At the end of life, an increasing number of people elect hospice care. Hospice care is available in several environments including your home, nursing home, residence center and hospital. Certain disorders or major illnesses, such as Glioblastoma, may become incurable at some point. Hospice was created to address this predicament.
What is Glioblastoma and how does hospice care provide both complete comfort care and family support?
What Is Glioblastoma?
Glioblastoma (formerly called glioblastoma multiforme or GBM) is the most prevalent primary brain cancer in adults. GBM, commonly known as the multiforme glioblastoma is a common and aggressive tumour in the brain or spinal cord. GBMs most frequently occurs between the ages of 45 and 70. However they can also occur at any age. By limiting tumor growth, evolving treatment can help individuals live longer.
GBMs can develop in the brain spontaneously or as a result of lower-grade astrocytoma. GBM is most frequently found in adults in the cerebral hemispheres, particularly the frontal and temporal lobes of the brain. GBM is a lethal brain cancer that, if left untreated, can end in death within six months or less; thus, it is critical to seek specialist neuro-oncological and neurosurgical care quickly, since this can have an effect on overall survival.
GBMs present distinct treatment challenges as a result of the following:
- Tumor localization in the brain
- Resistance to conventional therapy is built-in
- The brain’s limited capacity for self-repair
- Malignant cells migrate into neighbouring brain tissue
- The tumor’s blood supply is frequently interrupted, impeding efficient medicine administration.
- Capillary leakage from the tumour, leading in fluid collection surrounding the tumour (peritumoral edoema) and intracranial hypertension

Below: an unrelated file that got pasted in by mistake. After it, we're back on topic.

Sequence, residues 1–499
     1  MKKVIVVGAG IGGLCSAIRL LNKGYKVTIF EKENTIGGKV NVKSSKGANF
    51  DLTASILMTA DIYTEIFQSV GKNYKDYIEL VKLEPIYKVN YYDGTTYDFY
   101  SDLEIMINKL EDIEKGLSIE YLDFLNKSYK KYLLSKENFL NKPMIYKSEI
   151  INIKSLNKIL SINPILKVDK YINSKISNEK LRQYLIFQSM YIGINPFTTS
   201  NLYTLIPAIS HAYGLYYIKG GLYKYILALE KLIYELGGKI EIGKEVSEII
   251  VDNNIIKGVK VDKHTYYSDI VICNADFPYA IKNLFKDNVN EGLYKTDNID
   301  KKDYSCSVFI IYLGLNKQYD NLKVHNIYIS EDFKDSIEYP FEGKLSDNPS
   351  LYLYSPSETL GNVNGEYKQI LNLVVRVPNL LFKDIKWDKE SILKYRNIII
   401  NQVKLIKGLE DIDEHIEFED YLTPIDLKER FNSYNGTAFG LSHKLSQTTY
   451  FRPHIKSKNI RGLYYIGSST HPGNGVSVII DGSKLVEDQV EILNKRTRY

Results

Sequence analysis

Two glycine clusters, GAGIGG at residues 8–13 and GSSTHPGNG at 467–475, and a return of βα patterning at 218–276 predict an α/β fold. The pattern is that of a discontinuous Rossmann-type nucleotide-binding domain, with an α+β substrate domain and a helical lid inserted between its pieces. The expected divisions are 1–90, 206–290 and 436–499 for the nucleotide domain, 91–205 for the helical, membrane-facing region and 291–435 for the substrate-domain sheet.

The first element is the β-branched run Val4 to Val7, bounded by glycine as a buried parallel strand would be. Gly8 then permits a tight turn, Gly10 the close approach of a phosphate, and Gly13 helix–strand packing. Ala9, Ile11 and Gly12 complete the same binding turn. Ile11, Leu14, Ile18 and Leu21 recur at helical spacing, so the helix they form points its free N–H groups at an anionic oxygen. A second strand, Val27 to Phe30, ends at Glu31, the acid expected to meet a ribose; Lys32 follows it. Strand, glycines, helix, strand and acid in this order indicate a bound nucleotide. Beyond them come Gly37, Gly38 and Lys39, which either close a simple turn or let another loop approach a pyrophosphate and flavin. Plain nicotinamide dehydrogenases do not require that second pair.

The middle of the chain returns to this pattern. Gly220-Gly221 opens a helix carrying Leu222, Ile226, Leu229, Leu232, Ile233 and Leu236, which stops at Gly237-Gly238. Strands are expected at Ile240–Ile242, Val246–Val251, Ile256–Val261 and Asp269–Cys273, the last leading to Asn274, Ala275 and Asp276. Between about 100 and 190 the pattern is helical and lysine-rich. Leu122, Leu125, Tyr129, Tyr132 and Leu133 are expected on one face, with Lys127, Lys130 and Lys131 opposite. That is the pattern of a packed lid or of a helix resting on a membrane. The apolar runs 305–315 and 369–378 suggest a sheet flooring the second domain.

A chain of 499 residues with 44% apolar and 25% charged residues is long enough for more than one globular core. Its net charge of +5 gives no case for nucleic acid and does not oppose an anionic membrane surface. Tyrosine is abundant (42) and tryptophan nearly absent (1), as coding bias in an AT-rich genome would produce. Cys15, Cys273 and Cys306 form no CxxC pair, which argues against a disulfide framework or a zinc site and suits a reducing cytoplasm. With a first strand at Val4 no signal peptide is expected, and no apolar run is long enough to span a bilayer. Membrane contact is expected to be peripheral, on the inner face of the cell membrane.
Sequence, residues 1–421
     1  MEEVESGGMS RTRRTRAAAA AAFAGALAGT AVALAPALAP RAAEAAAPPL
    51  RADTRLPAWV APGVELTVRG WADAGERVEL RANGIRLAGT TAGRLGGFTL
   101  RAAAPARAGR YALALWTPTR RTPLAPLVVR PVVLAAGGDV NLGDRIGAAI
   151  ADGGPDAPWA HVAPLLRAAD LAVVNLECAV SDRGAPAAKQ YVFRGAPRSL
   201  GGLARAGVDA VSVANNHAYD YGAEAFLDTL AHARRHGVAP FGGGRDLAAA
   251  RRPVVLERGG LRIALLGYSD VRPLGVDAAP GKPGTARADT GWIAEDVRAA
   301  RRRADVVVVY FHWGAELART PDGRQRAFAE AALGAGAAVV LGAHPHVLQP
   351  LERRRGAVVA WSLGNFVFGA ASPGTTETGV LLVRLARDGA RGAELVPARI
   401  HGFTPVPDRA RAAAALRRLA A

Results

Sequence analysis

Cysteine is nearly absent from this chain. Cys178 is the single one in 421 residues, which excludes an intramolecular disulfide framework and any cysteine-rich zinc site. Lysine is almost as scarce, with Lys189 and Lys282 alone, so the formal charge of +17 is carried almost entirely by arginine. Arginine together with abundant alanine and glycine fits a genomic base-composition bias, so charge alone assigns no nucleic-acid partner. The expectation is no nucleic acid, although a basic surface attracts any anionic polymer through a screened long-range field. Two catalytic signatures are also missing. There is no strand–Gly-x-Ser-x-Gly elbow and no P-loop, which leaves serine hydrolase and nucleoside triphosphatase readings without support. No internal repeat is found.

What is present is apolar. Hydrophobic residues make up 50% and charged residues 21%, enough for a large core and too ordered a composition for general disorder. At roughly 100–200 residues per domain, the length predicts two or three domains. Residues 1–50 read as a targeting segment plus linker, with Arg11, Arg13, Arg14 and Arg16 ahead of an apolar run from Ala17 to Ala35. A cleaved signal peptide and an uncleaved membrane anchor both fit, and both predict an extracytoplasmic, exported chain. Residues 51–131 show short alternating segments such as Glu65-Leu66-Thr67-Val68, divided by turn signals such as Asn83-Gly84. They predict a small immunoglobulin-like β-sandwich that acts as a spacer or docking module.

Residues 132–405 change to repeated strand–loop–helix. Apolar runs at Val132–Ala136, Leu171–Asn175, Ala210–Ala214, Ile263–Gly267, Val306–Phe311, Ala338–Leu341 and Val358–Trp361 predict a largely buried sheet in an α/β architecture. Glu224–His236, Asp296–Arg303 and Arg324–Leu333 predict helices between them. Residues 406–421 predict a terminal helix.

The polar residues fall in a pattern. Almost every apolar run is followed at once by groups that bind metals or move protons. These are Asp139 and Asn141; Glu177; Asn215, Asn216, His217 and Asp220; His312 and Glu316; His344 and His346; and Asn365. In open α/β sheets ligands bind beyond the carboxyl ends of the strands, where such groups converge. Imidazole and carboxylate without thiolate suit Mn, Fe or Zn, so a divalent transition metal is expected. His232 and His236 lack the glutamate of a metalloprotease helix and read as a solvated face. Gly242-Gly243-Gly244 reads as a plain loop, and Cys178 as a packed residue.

- Seizures caused by tumours
- The neurotoxicity associated with glioma therapies
What Is the Occurrence of Glioblastoma in Hospice Patients?
Unlike illnesses like breast cancer, GBMs have a predictable course of progression in which the onset, progression and symptomatic load can vary greatly between individuals. Because many GBM patients seek hospice care in advanced stages with considerable symptom load, a sizable proportion prefer to receive treatment in an inpatient hospice setting rather than at home.
What Is the Effect of Glioblastoma on the Body?
GBM symptoms vary depending on the tumour size and location. For example, tumours that grow in the right side of the brain might produce left side paralysis. Additionally, linguistic and visual abnormalities may occur.
Another set of symptoms is associated with mood fluctuations, which include elevated rates of anxiety and sadness. Sometimes these mood fluctuations are a result of confronting the disease and its high mortality rate but they can also be prompted by the disease’s associated loss of function (speech, vision, etc.).
Seizures are another significant danger and patients are typically prescribed drugs to manage and/or alleviate these symptoms. Additionally, headaches, nausea and exhaustion are frequent symptoms.
Incidence and Prevalence
Glioblastoma is the most frequent type of malignant brain and other central nervous system (CNS) tumour, accounting for 47.7% of all cases. The incidence of glioblastoma is 3.21 per 100,000 population.
The median age of diagnosis is 64 years, and men are more likely to be diagnosed than women. Survival is dismal, with around 40% surviving one year after diagnosis and 17% surviving two years.
Prior therapeutic radiation, lowered susceptibility to allergies and poor immunological response are all risk factors for glioblastoma. Numerous genetic cancer syndromes, including Li-fraumeni and Lynch syndrome, significantly enhance the risk of glioblastoma.
The symptoms of a brain tumour vary according to the location of the tumour but may include the following:
- Headaches that persist
- Doubtful or distorted vision
- Appetite loss
- Mood and personality changes
- Changes in the capacity for thought and learning
- Seizures with a new onset